Healthcare workers living with HIV have different motivations for disclosing or concealing their HIV status

Roger Pebody
Published: 10 November 2017

Nurses and other healthcare workers who are living with HIV have mixed reactions when they mention their HIV status to colleagues, according to a small Dutch study reported in the November/December issue of the Journal of the Association of Nurses in AIDS Care. Some healthcare workers disclosed because they expected a positive reaction or they felt the need to share a secret. Others concealed their HIV status because they feared a negative reaction or did not believe that disclosure was relevant or necessary.

Many people with HIV discuss their HIV status with partners, friends and family, but conceal it with employers and colleagues. Moreover, there can be particular difficulties for people working in healthcare, because of anxieties about infection control. Nonetheless, Sarah Stutterheim found that all previous studies investigating the experiences of healthcare providers with HIV were conducted in sub-Saharan Africa, with none from a European context.

She recruited ten healthcare workers living with HIV by placing an advertisement on the Dutch HIV Association’s website and through snowball sampling. The participants took part in face-to-face interviews in 2011 and 2012.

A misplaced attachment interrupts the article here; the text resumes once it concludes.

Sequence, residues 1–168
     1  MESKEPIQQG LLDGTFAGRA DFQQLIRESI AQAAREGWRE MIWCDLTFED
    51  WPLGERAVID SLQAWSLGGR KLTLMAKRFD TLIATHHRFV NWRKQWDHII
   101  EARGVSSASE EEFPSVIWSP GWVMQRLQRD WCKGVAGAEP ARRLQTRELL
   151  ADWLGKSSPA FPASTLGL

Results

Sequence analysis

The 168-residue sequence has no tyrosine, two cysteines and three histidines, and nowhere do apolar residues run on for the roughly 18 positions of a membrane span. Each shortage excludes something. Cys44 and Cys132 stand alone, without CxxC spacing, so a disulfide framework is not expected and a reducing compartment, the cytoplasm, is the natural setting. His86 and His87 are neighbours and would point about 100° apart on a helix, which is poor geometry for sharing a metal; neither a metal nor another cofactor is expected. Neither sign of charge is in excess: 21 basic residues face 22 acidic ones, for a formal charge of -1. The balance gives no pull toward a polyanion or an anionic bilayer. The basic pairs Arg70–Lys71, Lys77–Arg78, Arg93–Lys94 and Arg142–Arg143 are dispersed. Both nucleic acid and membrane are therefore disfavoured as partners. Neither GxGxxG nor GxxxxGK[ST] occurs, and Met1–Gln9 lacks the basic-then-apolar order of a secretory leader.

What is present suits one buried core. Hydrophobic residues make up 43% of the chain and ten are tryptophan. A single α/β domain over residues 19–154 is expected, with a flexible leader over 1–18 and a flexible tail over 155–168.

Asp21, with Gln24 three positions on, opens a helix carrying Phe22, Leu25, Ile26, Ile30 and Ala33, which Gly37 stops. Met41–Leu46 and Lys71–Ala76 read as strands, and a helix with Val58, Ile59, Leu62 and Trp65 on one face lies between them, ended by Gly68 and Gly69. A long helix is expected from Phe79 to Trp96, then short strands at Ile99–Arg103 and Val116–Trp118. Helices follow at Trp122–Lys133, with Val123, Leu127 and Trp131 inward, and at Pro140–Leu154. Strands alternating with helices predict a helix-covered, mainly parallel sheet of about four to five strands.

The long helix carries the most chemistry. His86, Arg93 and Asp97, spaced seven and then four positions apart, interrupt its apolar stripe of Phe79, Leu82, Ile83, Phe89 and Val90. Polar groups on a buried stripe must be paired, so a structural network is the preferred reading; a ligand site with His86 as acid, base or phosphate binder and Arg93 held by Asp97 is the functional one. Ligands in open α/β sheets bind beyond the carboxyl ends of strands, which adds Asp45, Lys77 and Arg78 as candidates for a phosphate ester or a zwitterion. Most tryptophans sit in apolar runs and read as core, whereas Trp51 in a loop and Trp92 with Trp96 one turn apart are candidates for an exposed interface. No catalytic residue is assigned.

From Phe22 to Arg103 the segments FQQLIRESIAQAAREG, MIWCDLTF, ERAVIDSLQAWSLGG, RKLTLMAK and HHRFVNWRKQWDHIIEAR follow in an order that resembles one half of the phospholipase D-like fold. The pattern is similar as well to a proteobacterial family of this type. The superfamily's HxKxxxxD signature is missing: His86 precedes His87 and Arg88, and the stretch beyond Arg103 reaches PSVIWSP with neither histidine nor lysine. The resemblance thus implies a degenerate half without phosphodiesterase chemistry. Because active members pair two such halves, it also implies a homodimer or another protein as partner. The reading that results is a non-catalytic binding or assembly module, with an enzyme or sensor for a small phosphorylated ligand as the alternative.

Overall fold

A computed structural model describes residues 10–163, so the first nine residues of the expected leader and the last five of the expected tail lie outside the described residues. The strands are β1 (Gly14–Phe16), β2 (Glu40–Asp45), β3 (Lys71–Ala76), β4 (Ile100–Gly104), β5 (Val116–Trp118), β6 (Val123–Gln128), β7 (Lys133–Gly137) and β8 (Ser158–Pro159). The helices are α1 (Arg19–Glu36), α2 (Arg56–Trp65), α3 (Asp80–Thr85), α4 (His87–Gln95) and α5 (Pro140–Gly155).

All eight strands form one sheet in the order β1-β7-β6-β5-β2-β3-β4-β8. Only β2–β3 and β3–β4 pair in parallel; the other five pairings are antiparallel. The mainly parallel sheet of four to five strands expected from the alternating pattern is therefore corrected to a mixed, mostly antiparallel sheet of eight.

Six were nurses, three were nursing assistants and one was a pharmacist. Workplace settings were varied – general hospitals, a psychiatric hospital, nursing homes for the elderly, a group home for people with disabilities and a pharmacy.

Nine participants were gay men and one was a heterosexual woman. All were Dutch. Their mean age was 46 and they had been diagnosed for a mean of nine years.

Disclosing or concealing

Three participants reported making a conscious choice to be open about their HIV at work. Two others said they did not explicitly hide their HIV status, but were not particularly open about it either. As one of them said:

‘‘I would never deny it if people were to ask but I wouldn’t go up to my new colleagues and say, ‘I have to tell you something: I have HIV.’’’

Two interviewees had made a conscious decision to conceal their HIV status. A further three had previously been open at work, but were not anymore.

The motivations of those who chose to disclose at work varied. Some felt that it would be cathartic.

‘‘It felt like the more open I was about it, the more I felt set free, and I became happier by, by just sharing it.’’

Others expected the reaction to be positive.

‘‘I don’t feel like hiding it at work... We have lots of clients with HIV so it’s pretty normal.’’

‘‘There was another guy in my department who was also HIV positive and he was open about it so I knew that it was a safe environment for me to talk about it.’’